Holidate (2020) – Netflix Movie Review

Fluffy Rom-Com When Your Brain Needs A Break

A bit of fluffy fun. Holidate is easy if you’ve had a long day and your brain needs a break. Pair it with a light red, a tin of Celebrations and fairly low expectations and you’ll get on fine.

Not that far from any other rom-com, there’s a predictable pattern here that sees key characters Sloane (Emma Roberts) and Jackson (Luke Bracey) lightly mock from the start. Directed by John Whitesell, from a screenplay by Tiffany Paulsen, the set-up is that both Sloane and Jackson suffer from less than ideal relationships, feeling a little burned.

They meet in a mall and complain about their holiday mishaps, quickly getting to the crux. This is the most interesting piece – the title itself. A Holidate is a partner with whom you attend holiday functions as an alternative to being alone. It prevents your family from openly bestowing love advice or pairing you with randoms. Or worse – opting to date just to avoid +1 syndrome, which allegedly leads to unwarranted expectations and tricky situations.

I think they may have spoiled the objective early on by introducing Jackson as a Holidate, as Sloane’s family do continue to parade suiters with ‘potential’. But that’s part of the joke –incorrigible well-meaning families who drive you to drink. And setting one’s expectations at zero.

It’s not as endearing as Bridget Jones’ Diary or as unconventional as There’s Something About Mary, as cheeky as How to Lose a Guy in 10 Days or as funny as The Proposal. Instead, Holidate somehow flirts the line between them all, making it unlikely you’ll watch Holidate more than once (unless you fall asleep the first time!)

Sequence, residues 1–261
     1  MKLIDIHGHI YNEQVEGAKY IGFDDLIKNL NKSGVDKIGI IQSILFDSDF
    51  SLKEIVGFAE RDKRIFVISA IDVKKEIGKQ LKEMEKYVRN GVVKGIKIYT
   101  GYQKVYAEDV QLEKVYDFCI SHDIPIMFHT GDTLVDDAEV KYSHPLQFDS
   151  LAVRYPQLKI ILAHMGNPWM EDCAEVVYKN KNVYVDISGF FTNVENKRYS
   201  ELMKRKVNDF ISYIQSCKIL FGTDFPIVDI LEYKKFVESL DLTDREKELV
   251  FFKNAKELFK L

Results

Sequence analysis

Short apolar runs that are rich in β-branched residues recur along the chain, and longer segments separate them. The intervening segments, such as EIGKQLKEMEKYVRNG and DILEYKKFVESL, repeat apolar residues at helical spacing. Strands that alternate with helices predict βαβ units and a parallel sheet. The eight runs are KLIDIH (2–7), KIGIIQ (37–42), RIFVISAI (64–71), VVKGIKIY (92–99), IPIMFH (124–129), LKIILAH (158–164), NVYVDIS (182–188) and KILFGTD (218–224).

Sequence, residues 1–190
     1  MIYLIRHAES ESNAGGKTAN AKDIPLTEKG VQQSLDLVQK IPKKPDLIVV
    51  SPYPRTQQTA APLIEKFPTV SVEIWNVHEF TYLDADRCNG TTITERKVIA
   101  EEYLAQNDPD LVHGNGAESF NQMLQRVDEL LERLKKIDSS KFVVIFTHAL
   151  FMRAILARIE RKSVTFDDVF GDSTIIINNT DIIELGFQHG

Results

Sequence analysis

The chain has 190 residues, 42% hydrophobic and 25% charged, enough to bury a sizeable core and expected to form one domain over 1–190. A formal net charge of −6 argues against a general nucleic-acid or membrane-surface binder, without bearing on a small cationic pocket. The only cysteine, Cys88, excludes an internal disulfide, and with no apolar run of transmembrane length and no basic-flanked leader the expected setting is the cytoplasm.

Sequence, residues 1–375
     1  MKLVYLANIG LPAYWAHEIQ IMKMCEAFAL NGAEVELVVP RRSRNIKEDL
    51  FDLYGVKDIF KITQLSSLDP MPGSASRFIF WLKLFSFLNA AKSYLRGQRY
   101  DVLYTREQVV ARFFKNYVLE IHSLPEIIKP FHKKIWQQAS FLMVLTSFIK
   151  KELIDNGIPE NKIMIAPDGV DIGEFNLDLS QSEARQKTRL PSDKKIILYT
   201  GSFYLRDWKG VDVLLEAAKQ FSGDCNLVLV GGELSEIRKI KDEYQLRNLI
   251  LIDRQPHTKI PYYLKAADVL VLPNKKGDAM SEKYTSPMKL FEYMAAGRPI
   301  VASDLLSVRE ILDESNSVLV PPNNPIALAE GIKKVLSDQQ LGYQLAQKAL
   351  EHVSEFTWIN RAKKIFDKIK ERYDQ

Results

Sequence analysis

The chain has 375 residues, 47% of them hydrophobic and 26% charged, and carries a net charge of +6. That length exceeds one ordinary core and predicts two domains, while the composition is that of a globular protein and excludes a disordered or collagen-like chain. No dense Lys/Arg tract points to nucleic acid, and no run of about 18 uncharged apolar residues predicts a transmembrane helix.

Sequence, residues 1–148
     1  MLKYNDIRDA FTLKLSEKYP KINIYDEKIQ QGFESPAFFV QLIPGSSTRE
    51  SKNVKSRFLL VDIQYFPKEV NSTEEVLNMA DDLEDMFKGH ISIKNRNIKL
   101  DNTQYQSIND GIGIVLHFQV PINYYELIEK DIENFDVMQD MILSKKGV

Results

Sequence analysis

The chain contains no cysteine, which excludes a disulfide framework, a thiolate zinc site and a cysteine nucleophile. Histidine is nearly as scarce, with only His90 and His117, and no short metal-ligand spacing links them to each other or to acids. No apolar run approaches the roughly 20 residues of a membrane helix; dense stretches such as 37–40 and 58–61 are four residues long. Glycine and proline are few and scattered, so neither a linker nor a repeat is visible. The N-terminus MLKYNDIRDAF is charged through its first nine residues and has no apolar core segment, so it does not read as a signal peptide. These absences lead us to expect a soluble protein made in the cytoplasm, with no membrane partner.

The comedy itself is a bit cringe-worthy and not terribly clever – leaning into wardrobe malfunctions and toilet humour. That sort of thing worked in movies like American Pie because the characters were in high school but here it just cheapens the story; what starts as witty repartee, descends.

There were some sweet and OTT moments from Kristin Chenowith as Aunt Susan though, as well as by Manish Dayal as Faarooq. Chenowith does her part but is stuck playing her usual role, the same character since Glee. Even she seems a little bored with it now. As an actress, she’s got great timing – somebody give her a challenge already.

Like many American productions these days, there was representation from a selection of different backgrounds. It’s great to see a mix of actors reflecting society and bringing different lenses – but a shame it felt so calculated and stereotyped here.

However predictable the pattern, Holidate is an easy rom-com that’s okay fun to watch but once is enough. It’s cute, but nothing you’re going to think about tomorrow beyond maybe the title itself as Christmas rolls around. Set it aside for when your brain truly needs a rest.


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